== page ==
Written By: Adrian Moore – Forex Focus
Canada’s central bank holds key interest rates at 1.0 percent, citing global uncertainty.
The Bank of Canada (BoC) in its final monetary-policy committee (MPC) meeting for the year left benchmark interest rates on hold at 1.0 percent and the bank rate at 1.25 percent after raising them for the first time in seven years by 25 basis points in July and September respectively. The benchmark, or the overnight rate, is the rate at which major financial institutions in Canada transact among themselves by lending and borrowing funds overnight. These rates broadly influence other interest rates in the country, such as mortgage and consumer loans, in addition to defining the exchange rate of the Canadian dollar.
In the press release following the monetary-policy meeting, the BoC stated that the global economy is expanding in line with its monetary-policy outlook from October, led by the United States, which broadly reported strong growth numbers in the third quarter of this year.
For the Canadian economy, the central bank expects growth to moderate, although it remains above potential in the second half of the year, backed by strong employment numbers and moderate improvement in wages, which were the key elements lending support to consumer spending. In addition, business investment and spending on public infrastructure continued to expand into the second half of the year after a strong show in the first half of 2017, while the housing industry looked to expand moderately. Exports, on the other hand, which declined more than expected in the third quarter following solid growth in the first half of the year, are expected to pick up steam on the back of a rise in global demand. Consumer inflation in Canada, which has outpaced the central bank’s expectations in recent months, is expected to advance further at least in the short-term; the recent conflicts in the Middle East could raise the level of political instability in the region, driving up international crude-oil prices, thereby driving the price of gasoline domestically. The bank remained extremely cautious as the global outlook poses a number of challenges, especially on the geopolitical front and with international trade policies, although there were no direct references to either the standoff on the North American Free Trade Agreement (NAFTA) or the Brexit negotiations that are currently underway.
The Canadian dollar headed lower versus the greenback following the interest-rate announcement before settling at 1.2788, down about 0.80 percent from the previous session’s close. For the year, the loonie is up close to 4 percent and is mostly unchanged month-on-month. The Canadian dollar also slipped against the other majors, with the currency down 0.27 percent versus the Aussie, more than half a percent lower against the euro and around 0.4 percent weaker versus the pound sterling.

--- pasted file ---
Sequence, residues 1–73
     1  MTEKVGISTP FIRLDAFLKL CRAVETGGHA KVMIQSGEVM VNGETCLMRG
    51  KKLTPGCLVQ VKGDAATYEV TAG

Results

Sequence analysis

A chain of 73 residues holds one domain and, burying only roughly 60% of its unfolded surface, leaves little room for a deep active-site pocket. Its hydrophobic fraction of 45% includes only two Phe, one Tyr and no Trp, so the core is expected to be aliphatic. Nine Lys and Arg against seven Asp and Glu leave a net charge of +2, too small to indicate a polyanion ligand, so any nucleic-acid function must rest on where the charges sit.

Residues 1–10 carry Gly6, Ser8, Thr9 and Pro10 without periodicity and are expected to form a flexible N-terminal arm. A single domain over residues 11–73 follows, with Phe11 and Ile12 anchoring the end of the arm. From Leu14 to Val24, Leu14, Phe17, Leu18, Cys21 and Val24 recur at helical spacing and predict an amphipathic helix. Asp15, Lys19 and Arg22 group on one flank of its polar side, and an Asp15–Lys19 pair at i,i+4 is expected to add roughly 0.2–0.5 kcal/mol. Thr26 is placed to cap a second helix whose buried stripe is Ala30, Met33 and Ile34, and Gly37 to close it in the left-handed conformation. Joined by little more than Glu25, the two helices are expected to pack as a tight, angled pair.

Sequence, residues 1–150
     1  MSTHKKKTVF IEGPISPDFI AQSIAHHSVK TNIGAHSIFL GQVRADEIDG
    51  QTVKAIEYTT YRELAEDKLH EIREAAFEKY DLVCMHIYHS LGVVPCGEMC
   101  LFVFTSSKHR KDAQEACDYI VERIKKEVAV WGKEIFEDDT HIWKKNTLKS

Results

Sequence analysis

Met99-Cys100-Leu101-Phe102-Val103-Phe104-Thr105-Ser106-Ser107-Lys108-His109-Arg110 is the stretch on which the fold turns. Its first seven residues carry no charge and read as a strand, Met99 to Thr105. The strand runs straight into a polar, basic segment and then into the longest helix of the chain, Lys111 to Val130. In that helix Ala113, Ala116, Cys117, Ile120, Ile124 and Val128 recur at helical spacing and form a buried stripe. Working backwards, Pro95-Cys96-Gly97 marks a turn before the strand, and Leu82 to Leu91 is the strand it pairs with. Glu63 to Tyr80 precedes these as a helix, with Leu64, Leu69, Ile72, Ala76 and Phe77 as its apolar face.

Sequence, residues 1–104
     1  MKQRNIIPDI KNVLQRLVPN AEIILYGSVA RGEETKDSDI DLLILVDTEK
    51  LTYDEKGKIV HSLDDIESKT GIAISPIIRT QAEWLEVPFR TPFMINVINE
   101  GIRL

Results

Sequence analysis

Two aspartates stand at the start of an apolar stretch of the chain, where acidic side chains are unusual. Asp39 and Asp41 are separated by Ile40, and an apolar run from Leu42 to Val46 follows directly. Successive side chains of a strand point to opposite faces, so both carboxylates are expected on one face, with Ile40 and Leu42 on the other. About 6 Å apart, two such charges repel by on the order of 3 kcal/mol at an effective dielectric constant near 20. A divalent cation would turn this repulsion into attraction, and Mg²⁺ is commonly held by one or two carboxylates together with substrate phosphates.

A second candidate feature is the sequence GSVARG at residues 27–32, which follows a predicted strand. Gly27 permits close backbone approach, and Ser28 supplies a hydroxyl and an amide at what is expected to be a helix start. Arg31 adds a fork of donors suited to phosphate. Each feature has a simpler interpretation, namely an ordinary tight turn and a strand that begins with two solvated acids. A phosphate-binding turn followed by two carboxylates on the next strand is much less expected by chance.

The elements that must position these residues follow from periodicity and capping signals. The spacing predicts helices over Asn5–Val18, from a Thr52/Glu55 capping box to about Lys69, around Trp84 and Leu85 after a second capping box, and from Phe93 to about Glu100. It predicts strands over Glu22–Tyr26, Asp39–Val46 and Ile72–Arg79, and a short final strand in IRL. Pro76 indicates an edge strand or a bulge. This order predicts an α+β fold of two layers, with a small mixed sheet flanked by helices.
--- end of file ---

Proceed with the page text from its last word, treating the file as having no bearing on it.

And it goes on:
The S&P/TSX Composite Index, the country’s largest stock index, meanwhile, slid into negative territory briefly on the back of falling crude-oil prices and the outcome of the monetary-policy meeting before rebounding to end the day nearly unchanged at 15908.78, led by gains in financial stocks. The index, which until mid-September was among the worst performing benchmarks in the developed world, gathered momentum to hit all-time highs in November following a rebound in energy stocks on the back of a rally in global crude-oil prices. The TSX is currently down close to 1.5 percent from its record highs.
A majority of analysts surveyed prior to the MPC meeting expected the central bank to maintain its monetary-policy stance during the December meeting, although there are mixed views on when the BoC will actually begin its next interest-rate hiking cycle and the number of hikes next year. While most analysts agree that the bank may tighten twice next year, they do not see any changes in the rates at least until the start of the second quarter. With crude-oil prices backing off from its recent highs and consumer inflation averaging 1.4 percent for the year in third-quarter 2017, the near-term outlook of an interest-rate hike looks extremely bleak.
The central bank will also be keenly watching the progress on the North American Free Trade Agreement (NAFTA), which includes the United States and Mexico, and is considered the world’s largest free-trade agreement. In addition, the bank is also expected to monitor some of the key economic indicators in the fourth quarter, especially the ones related to employment, wage growth and consumer inflation. The dovish monetary-policy statement from the Bank of Canada subjecting further interest-rate increases to rises in wage growth and inflation only adds to the growing chorus that current rates are here to stay, in spite of the Canadian economy outpacing the other G7 countries in 2017. Governor Stephen Poloz, speaking at the Canadian Club of Toronto on December 14, is expected to highlight some of the risks posed to the Canadian economy.
The Bank of Canada is expected to publish its business outlook survey on January 8 before its next monetary-policy meeting scheduled for January 17, 2018.